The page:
AWS CloudTrail

General AWS CloudTrail Concepts

AWS CloudTrail is a web service that records activity made on your account.

A CloudTrail trail can be created which delivers log files to an Amazon S3 bucket.

CloudTrail is about logging and saves a history of API calls for your AWS account.

It enables governance, compliance, and operational and risk auditing of your AWS account.

Events include actions taken in the AWS Management Console, AWS Command Line Interface, and AWS SDKs and APIs.

Amazon CloudTrail

CloudTrail provides visibility into user activity by recording actions taken on your account.

API history enables security analysis, resource change tracking, and compliance auditing.

Logs API calls made via:

  • AWS Management Console.
  • AWS SDKs.
  • Command line tools.
  • Higher-level AWS services (such as CloudFormation).

CloudTrail records account activity and service events from most AWS services and logs the following records:

  • The identity of the API caller.
  • The time of the API call.
  • The source IP address of the API caller.
  • The request parameters.
  • The response elements returned by the AWS service.

CloudTrail is enabled on your AWS account when you create it.

CloudTrail is per AWS account.

You can create two types of trails for an AWS account:

  • A trail that applies to all regions – records events in all regions and delivers to an S3 bucket.
  • A trail that applies to a single region – records events in a single region and delivers to an S3 bucket. Additional single trails can use the same or a different S3 bucket.

Trails can be configured to log data events and management events:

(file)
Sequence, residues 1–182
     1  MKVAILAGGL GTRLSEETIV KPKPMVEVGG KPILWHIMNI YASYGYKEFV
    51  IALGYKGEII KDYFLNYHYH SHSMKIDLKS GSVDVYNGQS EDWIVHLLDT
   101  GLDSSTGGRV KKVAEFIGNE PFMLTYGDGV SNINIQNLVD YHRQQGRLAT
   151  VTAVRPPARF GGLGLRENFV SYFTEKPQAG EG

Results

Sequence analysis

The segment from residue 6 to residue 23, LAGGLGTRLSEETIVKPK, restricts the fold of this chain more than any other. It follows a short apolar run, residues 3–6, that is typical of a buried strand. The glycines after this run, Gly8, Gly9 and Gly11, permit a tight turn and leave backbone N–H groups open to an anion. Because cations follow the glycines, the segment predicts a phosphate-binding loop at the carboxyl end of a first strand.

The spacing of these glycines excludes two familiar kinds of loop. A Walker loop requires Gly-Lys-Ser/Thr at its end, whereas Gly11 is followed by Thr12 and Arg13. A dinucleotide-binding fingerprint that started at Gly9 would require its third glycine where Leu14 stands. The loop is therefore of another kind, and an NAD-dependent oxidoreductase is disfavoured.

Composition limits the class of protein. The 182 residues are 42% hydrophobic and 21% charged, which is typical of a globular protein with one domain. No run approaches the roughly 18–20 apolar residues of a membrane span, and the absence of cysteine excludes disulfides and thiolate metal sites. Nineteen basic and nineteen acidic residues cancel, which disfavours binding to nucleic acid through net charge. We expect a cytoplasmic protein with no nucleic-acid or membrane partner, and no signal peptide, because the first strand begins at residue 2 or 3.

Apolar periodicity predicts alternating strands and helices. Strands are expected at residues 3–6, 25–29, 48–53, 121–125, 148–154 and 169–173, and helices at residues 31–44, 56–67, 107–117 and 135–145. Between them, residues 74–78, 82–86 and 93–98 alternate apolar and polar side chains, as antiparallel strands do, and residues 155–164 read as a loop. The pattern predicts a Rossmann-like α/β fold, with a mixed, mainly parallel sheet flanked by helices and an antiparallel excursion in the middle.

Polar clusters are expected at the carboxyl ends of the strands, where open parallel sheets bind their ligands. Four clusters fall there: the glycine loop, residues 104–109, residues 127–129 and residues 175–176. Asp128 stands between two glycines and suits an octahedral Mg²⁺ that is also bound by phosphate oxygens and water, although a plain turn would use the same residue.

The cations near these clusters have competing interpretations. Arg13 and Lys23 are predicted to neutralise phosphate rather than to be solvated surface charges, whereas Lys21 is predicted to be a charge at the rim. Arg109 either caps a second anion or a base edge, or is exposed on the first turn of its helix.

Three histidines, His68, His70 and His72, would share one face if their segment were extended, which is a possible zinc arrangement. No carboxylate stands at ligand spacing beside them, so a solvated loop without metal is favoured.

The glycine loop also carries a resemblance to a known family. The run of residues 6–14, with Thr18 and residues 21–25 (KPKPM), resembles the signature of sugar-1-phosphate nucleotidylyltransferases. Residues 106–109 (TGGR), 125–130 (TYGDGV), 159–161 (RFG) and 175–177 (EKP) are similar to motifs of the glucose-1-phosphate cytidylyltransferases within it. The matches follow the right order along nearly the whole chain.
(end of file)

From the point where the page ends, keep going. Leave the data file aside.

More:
• Data events: These events provide insight into the resource operations performed on or within a resource. These are also known as data plane operations.
  • Management events: Management events provide insight into management operations that are performed on resources in your AWS account. These are also known as control plane operations. Management events can also include non-API events that occur in your account.

Example data events include:

  • Amazon S3 object-level API activity (for example, GetObject, DeleteObject, and PutObject API operations).
  • AWS Lambda function execution activity (the Invoke API).

Example management events include:

  • Configuring security (for example, IAM AttachRolePolicy API operations).
  • Registering devices (for example, Amazon EC2 CreateDefaultVpc API operations).
  • Configuring rules for routing data (for example, Amazon EC2 CreateSubnet API operations).
  • Setting up logging (for example, AWS CloudTrail CreateTrail API operations).
  • CloudTrail log files are encrypted using S3 Server Side Encryption (SSE).

You can also enable encryption using SSE KMS for additional security.

A single KMS key can be used to encrypt log files for trails applied to all regions.

You can consolidate logs from multiple accounts using an S3 bucket:

  1. Turn on CloudTrail in the paying account.
  2. Create a bucket policy that allows cross-account access.
  3. Turn on CloudTrail in the other accounts and use the bucket in the paying account.

You can integrate CloudTrail with CloudWatch Logs to deliver data events captured by CloudTrail to a CloudWatch Logs log stream.

CloudTrail log file integrity validation feature allows you to determine whether a CloudTrail log file was unchanged, deleted, or modified since CloudTrail delivered it to the specified Amazon S3 bucket.

CloudWatch vs CloudTrail:

CloudWatch vs CloudTrail

References

https://docs.aws.amazon.com/awscloudtrail/latest/userguide/cloudtrail-getting-started.html

https://aws.amazon.com/cloudtrail/faqs/

https://aws.amazon.com/cloudtrail/features/

https://aws.amazon.com/cloudtrail/pricing/

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